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Thread: About Buoyancy

  1. #1 About Buoyancy 
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    I know the buoyancy is equal to the weight of displaced fluid.
    If I put a big volume object and a small volume object into water,
    the big volume object displaced more water than the low volume object.
    So,the water displaced by the big volume object is heavier than the water displaced by the low volume object.
    So, the buoyancy of big volume object are more than the buoyancy of low volume object?
    I deem yes,I want to confirm the answer.

    If an object more deeply immersed in the water,it suffered the greater buoyancy?
    Many people say wrong.....I also deem wrong.
    They say:The more the volume of an object immersed in the water,it suffered the greater buoyancy.
    I want to confirm answer only.Please explain to me.


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  3. #2 Re: About Buoyancy 
    . DrRocket's Avatar
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    Quote Originally Posted by ~James~
    I know the buoyancy is equal to the weight of displaced fluid.
    If I put a big volume object and a small volume object into water,
    the big volume object displaced more water than the low volume object.
    So,the water displaced by the big volume object is heavier than the water displaced by the low volume object.
    So, the buoyancy of big volume object are more than the buoyancy of low volume object?
    I deem yes,I want to confirm the answer.

    If an object more deeply immersed in the water,it suffered the greater buoyancy?
    Many people say wrong.....I also deem wrong.
    They say:The more the volume of an object immersed in the water,it suffered the greater buoyancy.
    I want to confirm answer only.Please explain to me.
    If by bouyancy you mean the total bouyant force exerted on an object then it is proportional to volume and therefore a "big" object will have exerted on it a greater force than a "small" object.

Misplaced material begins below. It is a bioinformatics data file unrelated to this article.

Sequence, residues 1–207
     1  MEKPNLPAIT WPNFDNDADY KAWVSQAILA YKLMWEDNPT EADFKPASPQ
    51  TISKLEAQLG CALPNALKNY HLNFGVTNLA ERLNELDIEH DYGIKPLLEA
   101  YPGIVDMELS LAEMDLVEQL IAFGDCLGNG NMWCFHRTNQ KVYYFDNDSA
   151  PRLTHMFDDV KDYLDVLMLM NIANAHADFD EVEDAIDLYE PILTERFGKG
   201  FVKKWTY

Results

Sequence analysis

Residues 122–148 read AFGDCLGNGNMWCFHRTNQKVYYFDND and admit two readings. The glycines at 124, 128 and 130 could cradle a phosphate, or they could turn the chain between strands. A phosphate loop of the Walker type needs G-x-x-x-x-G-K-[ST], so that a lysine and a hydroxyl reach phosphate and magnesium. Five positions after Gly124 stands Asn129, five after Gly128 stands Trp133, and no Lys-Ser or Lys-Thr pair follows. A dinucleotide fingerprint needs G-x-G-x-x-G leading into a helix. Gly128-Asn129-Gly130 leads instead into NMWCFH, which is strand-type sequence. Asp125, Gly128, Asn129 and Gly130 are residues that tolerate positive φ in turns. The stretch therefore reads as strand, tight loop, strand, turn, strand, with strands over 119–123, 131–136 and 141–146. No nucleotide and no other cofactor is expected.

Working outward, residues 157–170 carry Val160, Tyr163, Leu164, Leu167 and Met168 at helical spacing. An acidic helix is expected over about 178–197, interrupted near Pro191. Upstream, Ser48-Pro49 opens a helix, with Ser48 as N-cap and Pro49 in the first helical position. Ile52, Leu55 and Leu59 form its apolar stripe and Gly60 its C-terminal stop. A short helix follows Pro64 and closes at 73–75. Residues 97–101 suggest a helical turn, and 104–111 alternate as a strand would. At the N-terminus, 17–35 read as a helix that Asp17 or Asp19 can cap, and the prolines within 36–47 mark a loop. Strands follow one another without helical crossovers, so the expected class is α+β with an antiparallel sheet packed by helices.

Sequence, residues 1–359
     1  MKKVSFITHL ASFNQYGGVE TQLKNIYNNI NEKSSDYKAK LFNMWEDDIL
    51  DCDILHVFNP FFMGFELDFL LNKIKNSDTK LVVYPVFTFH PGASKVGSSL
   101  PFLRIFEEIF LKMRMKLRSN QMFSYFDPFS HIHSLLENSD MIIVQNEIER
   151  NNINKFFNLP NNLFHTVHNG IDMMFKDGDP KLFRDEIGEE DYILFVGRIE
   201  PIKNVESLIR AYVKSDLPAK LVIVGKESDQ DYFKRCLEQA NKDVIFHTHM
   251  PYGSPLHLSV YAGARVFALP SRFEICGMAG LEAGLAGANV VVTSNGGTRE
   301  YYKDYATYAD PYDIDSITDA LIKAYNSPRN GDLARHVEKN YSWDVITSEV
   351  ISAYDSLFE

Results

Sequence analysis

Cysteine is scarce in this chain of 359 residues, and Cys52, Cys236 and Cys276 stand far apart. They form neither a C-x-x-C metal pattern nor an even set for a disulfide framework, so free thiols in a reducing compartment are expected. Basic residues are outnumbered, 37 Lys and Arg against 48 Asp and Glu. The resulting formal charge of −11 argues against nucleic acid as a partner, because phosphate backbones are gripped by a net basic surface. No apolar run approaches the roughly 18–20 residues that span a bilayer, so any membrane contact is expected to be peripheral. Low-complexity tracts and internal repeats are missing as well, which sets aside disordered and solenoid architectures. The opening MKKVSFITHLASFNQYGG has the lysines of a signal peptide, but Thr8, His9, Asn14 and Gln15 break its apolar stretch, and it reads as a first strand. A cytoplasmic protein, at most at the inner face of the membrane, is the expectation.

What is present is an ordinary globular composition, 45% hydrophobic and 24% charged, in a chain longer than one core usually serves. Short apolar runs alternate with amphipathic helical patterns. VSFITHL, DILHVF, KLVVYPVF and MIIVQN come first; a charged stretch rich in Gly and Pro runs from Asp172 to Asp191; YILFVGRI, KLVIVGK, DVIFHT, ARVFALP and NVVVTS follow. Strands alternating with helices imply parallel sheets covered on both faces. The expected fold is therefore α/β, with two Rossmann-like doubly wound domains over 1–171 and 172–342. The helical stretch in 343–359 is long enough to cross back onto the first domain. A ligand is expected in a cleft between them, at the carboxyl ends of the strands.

If an object is deeply immersed then the bouyant force will be approximately the same as if it is not so deeply immersed, for objects and fluids that are approximately incompressible (in the ideal case of an incompressible fluid and an incompressible body there is no difference). But if the objects are compressible then you need to consider both the increase in density of the fluid with depth and the decrease in volume of the object with depth.


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  4. #3 Re: About Buoyancy 
    Forum Isotope Bunbury's Avatar
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    Quote Originally Posted by DrRocket
    Quote Originally Posted by ~James~
    I know the buoyancy is equal to the weight of displaced fluid.
    If I put a big volume object and a small volume object into water,
    the big volume object displaced more water than the low volume object.
    So,the water displaced by the big volume object is heavier than the water displaced by the low volume object.
    So, the buoyancy of big volume object are more than the buoyancy of low volume object?
    I deem yes,I want to confirm the answer.

    If an object more deeply immersed in the water,it suffered the greater buoyancy?
    Many people say wrong.....I also deem wrong.
    They say:The more the volume of an object immersed in the water,it suffered the greater buoyancy.
    I want to confirm answer only.Please explain to me.
    If by bouyancy you mean the total bouyant force exerted on an object then it is proportional to volume and therefore a "big" object will have exerted on it a greater force than a "small" object.

    If an object is deeply immersed then the bouyant force will be approximately the same as if it is not so deeply immersed, for objects and fluids that are approximately incompressible (in the ideal case of an incompressible fluid and an incompressible body there is no difference). But if the objects are compressible then you need to consider both the increase in density of the fluid with depth and the decrease in volume of the object with depth.

    Perhaps by "more deeply immersed" he is referring to partial immersion, such as a ship unladen and then laden with cargo, in which the latter case is more deeply immersed and has greater buoyancy.
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  5. #4 Re: About Buoyancy 
    . DrRocket's Avatar
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    Quote Originally Posted by Bunbury
    Perhaps by "more deeply immersed" he is referring to partial immersion, such as a ship unladen and then laden with cargo, in which the latter case is more deeply immersed and has greater buoyancy.
    Here we seem to have a problem with language.

    I think the general useage is that objects of lesser density are considered to have greater "bouyancy" -- they experience a greater net force (bouyant force less gravitational force) than a denser object.

    What is true is that a more deeply partially immersed, hence more massive object, will experiece a greater bouyant force. This is nothing more and nothing less than the statement that a floating object experiences a bouyant force equal to its weight. It if does not then it sinks.
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